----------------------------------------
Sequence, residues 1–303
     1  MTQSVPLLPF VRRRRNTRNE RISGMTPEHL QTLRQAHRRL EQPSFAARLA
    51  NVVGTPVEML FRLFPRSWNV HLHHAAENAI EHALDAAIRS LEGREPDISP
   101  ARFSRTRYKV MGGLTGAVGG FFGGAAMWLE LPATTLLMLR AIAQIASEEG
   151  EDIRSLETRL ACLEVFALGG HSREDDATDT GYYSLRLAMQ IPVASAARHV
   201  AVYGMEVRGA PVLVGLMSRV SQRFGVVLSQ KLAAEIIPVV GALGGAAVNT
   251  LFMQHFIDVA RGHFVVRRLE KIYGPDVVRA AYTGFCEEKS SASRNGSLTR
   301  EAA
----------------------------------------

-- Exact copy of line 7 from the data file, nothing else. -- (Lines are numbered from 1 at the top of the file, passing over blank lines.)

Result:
   251  LFMQHFIDVA RGHFVVRRLE KIYGPDVVRA AYTGFCEEKS SASRNGSLTR